Taking a long and windy road to completion Los Angeles' Alta Lofts is a unique take on contemporary urban living. Struggling to finish the building in the existing economy, the lofts are finally complete and ready to offer sustainable living for a revitalized East LA community. Designed by Brooks-Scarpa Architects formally (Pugh-Scarpa), the green renovation is a striking re-envisioning of the 1920-era paint factory. The contemporary design capping the original neo-classical building is a nod to the retro chic that LA does best. The industrial artist studios open to a large central atrium by garage doors adding community and the open air to the lofts lifestyle.
The original Fuller Paints building façade was left virtually intact. The modernist metal 2 story ‘cap’ is placed on top of the original 4 story building creating a very unique character that both preserves the area’s culture while providing modern, dense and colorful city living . Two roof gardens, a walkway system and courtyard allow pedestrians to flow throughout the building, creating a sense of community for the inhabitants. The atrium courtyard was introduced into the heart of the building to provide natural lighting and send breezes through the interior. Heat pumps provide heating and cooling and low-flow water devices and xeriscape gardens keep water consumption low.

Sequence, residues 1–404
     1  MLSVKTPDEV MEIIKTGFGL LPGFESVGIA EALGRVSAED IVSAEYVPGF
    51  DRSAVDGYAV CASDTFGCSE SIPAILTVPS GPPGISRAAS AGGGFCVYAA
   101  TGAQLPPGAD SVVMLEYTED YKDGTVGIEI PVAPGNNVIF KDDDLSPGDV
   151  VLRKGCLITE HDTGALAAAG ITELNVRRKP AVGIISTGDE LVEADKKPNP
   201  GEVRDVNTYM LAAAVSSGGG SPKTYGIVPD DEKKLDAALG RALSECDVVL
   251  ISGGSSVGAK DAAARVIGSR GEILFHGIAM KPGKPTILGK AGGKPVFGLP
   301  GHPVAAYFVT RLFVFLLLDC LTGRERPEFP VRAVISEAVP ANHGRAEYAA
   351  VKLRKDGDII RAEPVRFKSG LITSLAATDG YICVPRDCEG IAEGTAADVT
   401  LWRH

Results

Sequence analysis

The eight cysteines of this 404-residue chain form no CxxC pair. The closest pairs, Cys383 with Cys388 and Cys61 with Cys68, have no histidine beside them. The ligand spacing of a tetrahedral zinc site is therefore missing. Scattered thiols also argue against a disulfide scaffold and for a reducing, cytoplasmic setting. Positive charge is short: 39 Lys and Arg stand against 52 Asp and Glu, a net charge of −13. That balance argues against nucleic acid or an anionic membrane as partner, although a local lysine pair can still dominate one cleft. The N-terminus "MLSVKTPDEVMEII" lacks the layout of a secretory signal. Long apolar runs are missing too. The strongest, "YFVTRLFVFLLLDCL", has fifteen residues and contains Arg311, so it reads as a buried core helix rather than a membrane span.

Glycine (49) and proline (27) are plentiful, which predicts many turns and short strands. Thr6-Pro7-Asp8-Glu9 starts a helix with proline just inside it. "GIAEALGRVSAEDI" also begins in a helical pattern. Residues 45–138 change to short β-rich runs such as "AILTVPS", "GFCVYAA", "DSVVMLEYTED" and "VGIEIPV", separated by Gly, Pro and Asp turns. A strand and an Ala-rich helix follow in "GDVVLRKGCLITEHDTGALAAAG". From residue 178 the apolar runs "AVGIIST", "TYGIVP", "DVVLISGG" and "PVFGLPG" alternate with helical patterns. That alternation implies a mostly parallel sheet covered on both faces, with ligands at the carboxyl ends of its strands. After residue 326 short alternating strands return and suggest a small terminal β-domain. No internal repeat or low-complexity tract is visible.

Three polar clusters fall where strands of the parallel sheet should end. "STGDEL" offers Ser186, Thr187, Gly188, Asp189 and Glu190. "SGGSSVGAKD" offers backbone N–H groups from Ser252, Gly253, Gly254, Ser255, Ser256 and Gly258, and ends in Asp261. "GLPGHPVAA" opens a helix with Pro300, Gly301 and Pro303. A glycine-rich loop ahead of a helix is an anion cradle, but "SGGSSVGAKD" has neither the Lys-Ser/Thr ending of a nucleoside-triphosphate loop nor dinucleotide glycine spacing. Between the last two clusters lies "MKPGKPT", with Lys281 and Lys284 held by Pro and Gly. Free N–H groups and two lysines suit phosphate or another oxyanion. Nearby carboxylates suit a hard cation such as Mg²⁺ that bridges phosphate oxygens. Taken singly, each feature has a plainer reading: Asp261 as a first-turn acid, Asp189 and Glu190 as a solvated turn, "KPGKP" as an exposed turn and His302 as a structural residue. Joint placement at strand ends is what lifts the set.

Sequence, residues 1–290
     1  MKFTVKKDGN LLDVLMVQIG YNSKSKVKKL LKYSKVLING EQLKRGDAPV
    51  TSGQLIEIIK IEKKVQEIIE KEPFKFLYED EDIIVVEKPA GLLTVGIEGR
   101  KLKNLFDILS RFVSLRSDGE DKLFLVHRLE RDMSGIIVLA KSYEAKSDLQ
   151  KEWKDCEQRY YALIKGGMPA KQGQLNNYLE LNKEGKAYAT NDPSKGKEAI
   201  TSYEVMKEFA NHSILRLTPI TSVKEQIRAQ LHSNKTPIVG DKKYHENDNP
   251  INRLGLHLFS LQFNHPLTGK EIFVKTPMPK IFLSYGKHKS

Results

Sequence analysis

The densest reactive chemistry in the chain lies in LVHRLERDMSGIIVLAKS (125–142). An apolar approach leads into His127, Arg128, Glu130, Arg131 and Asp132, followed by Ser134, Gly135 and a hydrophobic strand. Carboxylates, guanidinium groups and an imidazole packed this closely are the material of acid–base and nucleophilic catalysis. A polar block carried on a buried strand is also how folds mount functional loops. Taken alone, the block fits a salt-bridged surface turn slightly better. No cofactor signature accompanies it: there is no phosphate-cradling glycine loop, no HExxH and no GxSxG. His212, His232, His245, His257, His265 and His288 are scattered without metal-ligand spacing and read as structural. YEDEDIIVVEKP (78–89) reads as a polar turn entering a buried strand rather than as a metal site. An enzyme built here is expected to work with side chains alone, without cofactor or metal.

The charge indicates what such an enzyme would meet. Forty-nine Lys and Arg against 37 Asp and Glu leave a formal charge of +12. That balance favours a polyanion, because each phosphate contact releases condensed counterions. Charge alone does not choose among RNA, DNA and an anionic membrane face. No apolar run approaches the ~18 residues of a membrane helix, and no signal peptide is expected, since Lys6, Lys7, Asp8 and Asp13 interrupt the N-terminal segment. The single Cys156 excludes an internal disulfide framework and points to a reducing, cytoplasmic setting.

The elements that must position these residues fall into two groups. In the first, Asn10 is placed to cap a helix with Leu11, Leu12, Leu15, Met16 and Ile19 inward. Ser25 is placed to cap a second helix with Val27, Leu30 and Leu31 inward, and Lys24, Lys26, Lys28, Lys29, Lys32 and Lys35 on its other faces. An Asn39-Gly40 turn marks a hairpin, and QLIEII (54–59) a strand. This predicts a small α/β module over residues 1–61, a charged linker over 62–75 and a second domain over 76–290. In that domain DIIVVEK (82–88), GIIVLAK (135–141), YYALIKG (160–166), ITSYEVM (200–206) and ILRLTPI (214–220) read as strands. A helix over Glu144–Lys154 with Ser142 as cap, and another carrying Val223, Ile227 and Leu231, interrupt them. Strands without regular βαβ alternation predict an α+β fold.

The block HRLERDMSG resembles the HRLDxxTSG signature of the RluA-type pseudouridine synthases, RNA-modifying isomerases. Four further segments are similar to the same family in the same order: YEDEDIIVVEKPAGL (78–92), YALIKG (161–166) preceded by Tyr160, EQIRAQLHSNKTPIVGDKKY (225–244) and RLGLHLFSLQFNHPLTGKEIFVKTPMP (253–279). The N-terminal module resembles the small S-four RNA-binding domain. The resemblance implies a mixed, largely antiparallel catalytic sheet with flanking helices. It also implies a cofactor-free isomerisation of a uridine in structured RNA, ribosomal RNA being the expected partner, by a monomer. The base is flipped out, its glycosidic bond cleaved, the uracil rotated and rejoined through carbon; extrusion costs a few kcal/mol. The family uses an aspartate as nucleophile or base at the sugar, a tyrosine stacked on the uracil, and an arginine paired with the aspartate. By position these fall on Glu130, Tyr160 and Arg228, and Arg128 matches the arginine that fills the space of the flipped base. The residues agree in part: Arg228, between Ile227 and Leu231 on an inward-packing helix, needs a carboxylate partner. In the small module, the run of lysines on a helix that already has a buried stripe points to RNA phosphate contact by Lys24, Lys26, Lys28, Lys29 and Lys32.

The mixed-use revitalization of the 85 year-old building is a cornerstone in the renewal of the entire neighborhood. The 158,000 square foot project offers 102 live-work spaces in addition to commercial and retail areas on the ground floor. A new train station is also nearby. Originally intended to be low-income housing by the original developer (who was also the partner Architect Lawrence Scarpa), the economic downturn put the project in limbo. New developers turned the lofts into a contemporary industrial space clearly aimed for young working professionals who want to live near downtown.